Physics
Cambridge IGCSE

TOPIC 4A: ELECTRICITY

4.2a Charge

In this section we will learn about the fundamental properties of electricity - what is it? What is actually moving in the wires?

In 1897, J.J. Thompson discovered the electron. You may have met electrons already in your chemistry course. He found that electrons were very small particles with a very small negative charge. This discovery led to an understanding of electricity - it is caused by a flow of free negatively charged electrons in metals (and many other solid conductors like graphite). The more electrons flow past any point in a second, the higher the current of electricity.

Figure 1 - Current in a metallic conductor

Conductors and insulators

An electrical conductor is a substance with charges that can flow relatively freely, and when a voltage is applied, a significant current flows. As you should know, the most common conductors are metals, of which copper is probably the most widely used in the electricity industry. Other conductors include tap water and graphite (a form of carbon found in pencils).
Metals have a large number of free electrons that can move through the substance easily, creating the current.

Insulators do not have free electrons or any other charges that can move easily and produce a current. They are poor conductors with a very high resistance. Common insulators are plastics, rubber and air.

Required Practical: Describe an experiment to distinguish between electrical conductors and insulators

This is a really simple experiment: Build a circuit as shown in figure 2 using a lamp (light bulb) and a cell, but have a gap in the circuit allowing different materials to be inserted. If the lamp turns on, the substance is an electrical conductor. If not, the material is an insulator.

Figure 2 -Testing conductors and insulators

Static electricity

As the name implies, static electricity does not flow through substances - it stays in one place. It is made when charges build up on insulators.

How is static electricity produced?

The most simple way to produce static electricity is through friction. You should know how to perform a simple practical to produce static electricity and also to test that it is present, as shown in this video.

YouTube 1. Producing and demonstrating static electricity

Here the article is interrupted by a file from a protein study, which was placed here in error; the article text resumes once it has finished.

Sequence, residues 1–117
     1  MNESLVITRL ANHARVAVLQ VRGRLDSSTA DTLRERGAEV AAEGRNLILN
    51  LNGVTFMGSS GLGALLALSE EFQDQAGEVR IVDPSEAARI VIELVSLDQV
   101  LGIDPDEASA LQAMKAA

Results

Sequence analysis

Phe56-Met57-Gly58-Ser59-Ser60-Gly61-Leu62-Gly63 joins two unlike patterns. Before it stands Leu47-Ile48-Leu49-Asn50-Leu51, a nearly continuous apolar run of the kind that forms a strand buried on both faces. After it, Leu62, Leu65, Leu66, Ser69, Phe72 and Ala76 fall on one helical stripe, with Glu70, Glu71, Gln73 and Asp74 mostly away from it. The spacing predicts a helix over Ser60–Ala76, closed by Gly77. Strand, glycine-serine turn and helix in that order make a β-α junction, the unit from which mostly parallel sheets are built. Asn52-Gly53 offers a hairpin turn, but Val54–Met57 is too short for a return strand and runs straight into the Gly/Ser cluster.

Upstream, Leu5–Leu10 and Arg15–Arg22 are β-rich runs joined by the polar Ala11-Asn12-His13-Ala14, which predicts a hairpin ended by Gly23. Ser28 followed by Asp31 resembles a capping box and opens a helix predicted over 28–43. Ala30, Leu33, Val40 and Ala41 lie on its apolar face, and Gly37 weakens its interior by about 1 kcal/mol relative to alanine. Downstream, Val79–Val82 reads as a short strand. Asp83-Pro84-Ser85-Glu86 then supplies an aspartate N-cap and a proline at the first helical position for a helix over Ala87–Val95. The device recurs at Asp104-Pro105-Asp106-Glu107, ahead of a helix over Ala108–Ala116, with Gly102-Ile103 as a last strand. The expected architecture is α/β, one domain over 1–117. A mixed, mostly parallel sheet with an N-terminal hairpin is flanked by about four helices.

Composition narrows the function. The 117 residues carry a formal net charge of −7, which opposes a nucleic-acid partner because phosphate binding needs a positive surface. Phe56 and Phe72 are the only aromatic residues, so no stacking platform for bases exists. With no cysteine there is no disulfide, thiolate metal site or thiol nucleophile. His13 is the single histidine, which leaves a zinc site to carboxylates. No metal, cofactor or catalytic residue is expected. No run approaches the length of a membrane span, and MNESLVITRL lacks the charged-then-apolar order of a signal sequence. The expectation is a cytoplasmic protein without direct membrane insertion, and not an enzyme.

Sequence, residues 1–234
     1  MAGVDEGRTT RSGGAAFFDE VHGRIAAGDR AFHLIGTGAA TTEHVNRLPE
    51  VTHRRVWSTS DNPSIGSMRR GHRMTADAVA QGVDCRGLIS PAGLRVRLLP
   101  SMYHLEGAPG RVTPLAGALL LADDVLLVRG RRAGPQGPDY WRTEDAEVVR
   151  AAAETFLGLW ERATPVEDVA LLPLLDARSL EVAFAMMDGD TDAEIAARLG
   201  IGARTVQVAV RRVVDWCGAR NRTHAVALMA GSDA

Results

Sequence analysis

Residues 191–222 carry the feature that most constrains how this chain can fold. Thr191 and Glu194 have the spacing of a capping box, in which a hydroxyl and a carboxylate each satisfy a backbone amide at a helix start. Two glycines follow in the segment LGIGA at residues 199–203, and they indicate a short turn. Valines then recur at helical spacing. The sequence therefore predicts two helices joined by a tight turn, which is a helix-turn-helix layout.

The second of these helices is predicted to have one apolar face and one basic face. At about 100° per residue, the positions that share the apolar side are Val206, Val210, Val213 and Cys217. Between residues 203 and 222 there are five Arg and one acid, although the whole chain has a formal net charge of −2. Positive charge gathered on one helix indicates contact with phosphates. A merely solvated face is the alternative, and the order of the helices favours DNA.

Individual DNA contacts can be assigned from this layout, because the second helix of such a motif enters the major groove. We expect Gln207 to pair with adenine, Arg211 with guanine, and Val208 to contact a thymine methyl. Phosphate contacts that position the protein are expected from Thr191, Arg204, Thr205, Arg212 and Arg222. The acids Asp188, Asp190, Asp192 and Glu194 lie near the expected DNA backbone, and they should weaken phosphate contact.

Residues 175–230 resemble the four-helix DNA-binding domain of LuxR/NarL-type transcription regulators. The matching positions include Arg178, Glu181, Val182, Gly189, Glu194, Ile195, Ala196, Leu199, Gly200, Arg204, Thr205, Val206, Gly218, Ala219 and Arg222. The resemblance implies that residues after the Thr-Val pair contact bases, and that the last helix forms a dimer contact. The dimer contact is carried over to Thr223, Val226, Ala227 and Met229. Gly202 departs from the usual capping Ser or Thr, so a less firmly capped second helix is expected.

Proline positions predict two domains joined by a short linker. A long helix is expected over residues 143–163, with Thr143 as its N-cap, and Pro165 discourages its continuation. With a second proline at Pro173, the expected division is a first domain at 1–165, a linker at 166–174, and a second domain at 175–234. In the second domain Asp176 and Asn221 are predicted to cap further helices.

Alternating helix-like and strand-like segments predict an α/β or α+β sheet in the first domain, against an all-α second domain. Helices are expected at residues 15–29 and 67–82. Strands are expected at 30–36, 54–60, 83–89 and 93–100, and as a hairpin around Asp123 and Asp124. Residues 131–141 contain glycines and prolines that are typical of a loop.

The video shows how rubbing the plastic with the cloth produces friction, and it is this friction that produces a build-up of static electricity.

Simply rub the cloth on the plastic (or other insulator like Styrofoam or PVC).
To show that a static charge has been produced, try picking up small pieces of tissue paper as shown in the video. This demonstrates that a force has been produced between the plastic and the paper. You can then try other substances and see which ones work and which do not. Not all insulators work with this type of cloth duster, and the experiment needs to be in a dry, warm place. Static leaks away quickly in the presence of water, so if you are in a humid country, this experiment rarely works!

In the next video, we can see a wide range of demonstrations and some great tricks!

YouTube 2- Awesome tricks with static electricity (brusspup)

How static charges are produced

Insulators do not have freely moving electrons like metals. However, when we rub a cloth on an insulator we can 'dislodge' a few of the electrons on one surface, and they pass from one surface to the other, as shown in figure 3 here:

 Before the experiment After rubbing with the cloth

Figure 3 - Charging a rod with a cloth

This diagram simplifies the picture by only showing a few of the charges present - four of each type instead of billions! As can be seen in the first image, the cloth and rod have equal positive and negative charges, so both of them are neutral. (No net charge present).

However friction dislodges some of the charges. In this example, the negative electrons move from the rod to the cloth. This makes the rod have an overall positive charge and the cloth has a negative charge.

Some substances hold on to their electrons tighter than others, and so the direction of travel of the electrons depends on the substance used. In figure 4, a different plastic is used, resulting in the electrons moving in the opposite direction:

Figure 4 - Producing a negative static charge on the rod

In this example, the negative electrons now move from cloth to rod, leaving the rod negative and the cloth positive.